ICMP

 sudo traceroute -I tekyhost.com
traceroute to tekyhost.com (38.99.188.102), 30 hops max, 60 byte packets
 1  192.168.0.1 (192.168.0.1)  1.683 ms  2.100 ms  4.376 ms
 2  99.250.108.1 (99.250.108.1)  26.147 ms  26.162 ms  26.309 ms
 3  8079-dgw02.mtnk.rmgt.net.rogers.com (69.63.255.157)  23.462 ms  24.106 ms  24.125 ms
 4  209.148.232.53 (209.148.232.53)  31.936 ms  32.476 ms  32.588 ms
 5  209.148.230.26 (209.148.230.26)  39.018 ms  39.235 ms  39.832 ms
 6  be812.ccr41.iad02.atlas.cogentco.com (154.54.11.217)  43.449 ms  40.737 ms  40.791 ms
 7  be3083.ccr41.dca01.atlas.cogentco.com (154.54.30.53)  37.401 ms  39.355 ms  39.481 ms
 8  be2891.ccr21.cle04.atlas.cogentco.com (154.54.82.249)  39.722 ms  90.458 ms  99.686 ms
 9  be2993.ccr21.yyz02.atlas.cogentco.com (154.54.31.226)  36.097 ms  37.977 ms  38.241 ms
10  be2428.rcr11.yyz01.atlas.cogentco.com (154.54.1.94)  37.159 ms  50.069 ms  59.608 ms
11  154.24.37.34 (154.24.37.34)  59.925 ms  56.310 ms  57.101 ms
12  tk.com (38.99.188.102)  59.978 ms  96.007 ms  60.009 ms

Nmap

 sudo nmap --script=firewalk --traceroute tekyhost.com

Starting Nmap 6.40 ( http://nmap.org ) at 2016-11-23 11:46 EST
Nmap scan report for tekyhost.com (38.99.188.102)
Host is up (0.072s latency).
rDNS record for 38.99.188.102: tk.com
Not shown: 994 filtered ports
PORT     STATE  SERVICE
22/tcp   closed ssh
80/tcp   open   http
139/tcp  open   netbios-ssn
443/tcp  open   https
445/tcp  open   microsoft-ds
5666/tcp open   nrpe

Host script results:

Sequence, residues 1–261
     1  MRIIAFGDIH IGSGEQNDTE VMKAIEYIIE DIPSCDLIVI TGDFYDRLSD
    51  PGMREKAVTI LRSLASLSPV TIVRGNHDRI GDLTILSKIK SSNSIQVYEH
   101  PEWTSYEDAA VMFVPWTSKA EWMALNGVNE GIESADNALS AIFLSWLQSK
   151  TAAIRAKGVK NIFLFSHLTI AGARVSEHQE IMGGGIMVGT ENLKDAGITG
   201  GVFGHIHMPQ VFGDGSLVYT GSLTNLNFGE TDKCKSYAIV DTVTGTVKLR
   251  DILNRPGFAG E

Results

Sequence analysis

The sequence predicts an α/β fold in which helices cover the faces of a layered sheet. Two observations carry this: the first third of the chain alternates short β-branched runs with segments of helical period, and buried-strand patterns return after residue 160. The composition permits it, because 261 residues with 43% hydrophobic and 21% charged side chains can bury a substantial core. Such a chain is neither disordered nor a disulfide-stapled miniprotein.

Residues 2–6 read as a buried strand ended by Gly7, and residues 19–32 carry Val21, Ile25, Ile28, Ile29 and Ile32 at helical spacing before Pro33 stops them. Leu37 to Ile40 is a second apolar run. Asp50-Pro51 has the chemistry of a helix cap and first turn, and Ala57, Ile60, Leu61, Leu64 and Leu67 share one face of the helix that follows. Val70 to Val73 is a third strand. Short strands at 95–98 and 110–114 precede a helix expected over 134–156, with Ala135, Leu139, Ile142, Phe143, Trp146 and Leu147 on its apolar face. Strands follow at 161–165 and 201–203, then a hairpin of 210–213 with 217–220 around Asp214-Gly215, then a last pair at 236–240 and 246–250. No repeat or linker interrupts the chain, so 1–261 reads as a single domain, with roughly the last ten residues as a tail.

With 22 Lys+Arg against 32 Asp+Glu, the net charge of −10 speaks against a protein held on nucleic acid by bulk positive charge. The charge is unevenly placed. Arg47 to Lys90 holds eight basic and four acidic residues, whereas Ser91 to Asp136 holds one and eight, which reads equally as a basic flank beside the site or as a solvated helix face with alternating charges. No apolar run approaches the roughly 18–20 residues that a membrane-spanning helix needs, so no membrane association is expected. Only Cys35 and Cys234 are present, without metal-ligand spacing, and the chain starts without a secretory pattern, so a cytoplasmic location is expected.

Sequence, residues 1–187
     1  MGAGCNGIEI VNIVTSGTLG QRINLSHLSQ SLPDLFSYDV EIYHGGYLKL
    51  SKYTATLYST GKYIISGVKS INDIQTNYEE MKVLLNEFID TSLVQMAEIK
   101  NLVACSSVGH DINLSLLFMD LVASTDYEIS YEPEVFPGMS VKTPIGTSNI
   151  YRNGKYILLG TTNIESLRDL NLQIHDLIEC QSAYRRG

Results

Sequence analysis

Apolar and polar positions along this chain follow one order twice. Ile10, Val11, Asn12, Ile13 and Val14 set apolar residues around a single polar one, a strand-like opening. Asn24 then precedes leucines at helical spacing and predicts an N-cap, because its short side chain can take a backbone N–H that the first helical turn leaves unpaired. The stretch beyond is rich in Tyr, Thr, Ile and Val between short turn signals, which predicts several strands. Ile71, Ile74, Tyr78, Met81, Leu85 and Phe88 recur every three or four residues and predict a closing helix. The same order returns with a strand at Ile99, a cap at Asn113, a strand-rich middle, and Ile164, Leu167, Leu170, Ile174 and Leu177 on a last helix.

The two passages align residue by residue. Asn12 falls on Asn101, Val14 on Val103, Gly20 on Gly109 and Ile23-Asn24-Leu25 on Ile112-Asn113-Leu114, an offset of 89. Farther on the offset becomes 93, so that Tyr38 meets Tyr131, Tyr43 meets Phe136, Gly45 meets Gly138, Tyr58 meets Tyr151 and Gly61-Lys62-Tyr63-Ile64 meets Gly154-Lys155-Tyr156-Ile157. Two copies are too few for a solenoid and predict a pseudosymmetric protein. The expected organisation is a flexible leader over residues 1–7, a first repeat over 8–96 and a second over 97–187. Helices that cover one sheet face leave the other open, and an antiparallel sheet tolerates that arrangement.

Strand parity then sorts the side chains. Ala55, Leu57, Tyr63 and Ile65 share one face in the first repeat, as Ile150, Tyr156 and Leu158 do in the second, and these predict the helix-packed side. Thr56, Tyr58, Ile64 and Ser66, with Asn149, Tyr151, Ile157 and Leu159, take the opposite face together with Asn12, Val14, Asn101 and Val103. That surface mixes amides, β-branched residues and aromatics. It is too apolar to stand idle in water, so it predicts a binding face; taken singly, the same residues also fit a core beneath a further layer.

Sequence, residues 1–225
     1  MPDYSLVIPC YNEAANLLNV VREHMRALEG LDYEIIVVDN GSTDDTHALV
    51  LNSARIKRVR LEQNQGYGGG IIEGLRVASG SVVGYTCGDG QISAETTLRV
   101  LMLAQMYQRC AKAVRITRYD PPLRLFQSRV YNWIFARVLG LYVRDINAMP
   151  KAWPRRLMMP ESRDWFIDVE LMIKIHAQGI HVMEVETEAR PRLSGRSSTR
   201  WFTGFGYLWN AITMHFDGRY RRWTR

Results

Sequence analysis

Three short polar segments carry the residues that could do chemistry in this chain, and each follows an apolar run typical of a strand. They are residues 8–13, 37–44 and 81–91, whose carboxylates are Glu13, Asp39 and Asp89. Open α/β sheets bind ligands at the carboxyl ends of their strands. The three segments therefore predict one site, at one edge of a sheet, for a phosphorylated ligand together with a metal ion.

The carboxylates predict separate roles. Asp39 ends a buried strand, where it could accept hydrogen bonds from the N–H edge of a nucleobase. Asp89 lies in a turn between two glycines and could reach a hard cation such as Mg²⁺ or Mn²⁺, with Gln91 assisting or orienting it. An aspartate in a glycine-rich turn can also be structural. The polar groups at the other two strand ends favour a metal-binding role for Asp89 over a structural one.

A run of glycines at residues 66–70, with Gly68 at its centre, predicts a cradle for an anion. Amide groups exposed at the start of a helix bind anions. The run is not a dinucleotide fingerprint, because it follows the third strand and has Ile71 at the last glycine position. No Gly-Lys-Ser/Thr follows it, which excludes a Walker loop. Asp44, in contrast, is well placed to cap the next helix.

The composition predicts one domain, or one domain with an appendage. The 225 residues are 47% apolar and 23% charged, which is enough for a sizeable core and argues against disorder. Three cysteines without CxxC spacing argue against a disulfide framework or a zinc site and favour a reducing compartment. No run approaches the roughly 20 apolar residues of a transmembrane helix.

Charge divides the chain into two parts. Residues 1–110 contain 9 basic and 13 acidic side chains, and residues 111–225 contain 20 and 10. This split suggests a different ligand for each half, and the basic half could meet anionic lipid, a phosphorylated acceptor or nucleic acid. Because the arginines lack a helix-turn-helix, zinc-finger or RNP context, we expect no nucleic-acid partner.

|_firewalk: None found

TRACEROUTE (using port 22/tcp)
HOP RTT      ADDRESS
1   10.10 ms 192.168.0.1
2   ...
3   22.23 ms 8079-dgw02.mtnk.rmgt.net.rogers.com (69.63.255.157)
4   22.96 ms 209.148.232.53
5   36.10 ms 209.148.230.26
6   39.20 ms be812.ccr41.iad02.atlas.cogentco.com (154.54.11.217)
7   39.58 ms be3084.ccr42.dca01.atlas.cogentco.com (154.54.30.65)
8   38.29 ms be2891.ccr21.cle04.atlas.cogentco.com (154.54.82.249)
9   39.12 ms be2994.ccr22.yyz02.atlas.cogentco.com (154.54.31.234)
10  35.18 ms be2428.rcr11.yyz01.atlas.cogentco.com (154.54.1.94)
11  35.27 ms te0-0-0-7.rcr21.b011152-1.yyz01.atlas.cogentco.com (154.24.26.190)
12  35.92 ms tk.com (38.99.188.102)

Nmap done: 1 IP address (1 host up) scanned in 20.84 seconds

While traceroute and nmap are useful application, they are not very extensible for any kind of serious reconnaissance scanning. Lets take a look at tool called Firewalk.
Firewalking
Firewalking is a technique that can be used to gather information about a remote network protected by a firewall. Firewalking uses a traceroute-like IP packet analysis to determine whether or not a particular packet can pass from the attacker’s host to a destination host through a packet-filtering device. The firewalk scan works by sending out TCP or UDP packets with an IP
TTL one greater then the targeted gateway. If the gateway allows the traffic, it will forward the packets to the next hop
where they will expire and elicit a TTL exceeded in transit message. If the gateway host does not allow the traffic, it
will likely drop the packets on the floor and we will see no response. By sending probes in a successive manner and
recording which ones answer and which ones don’t, the access list on the gateway can be determined.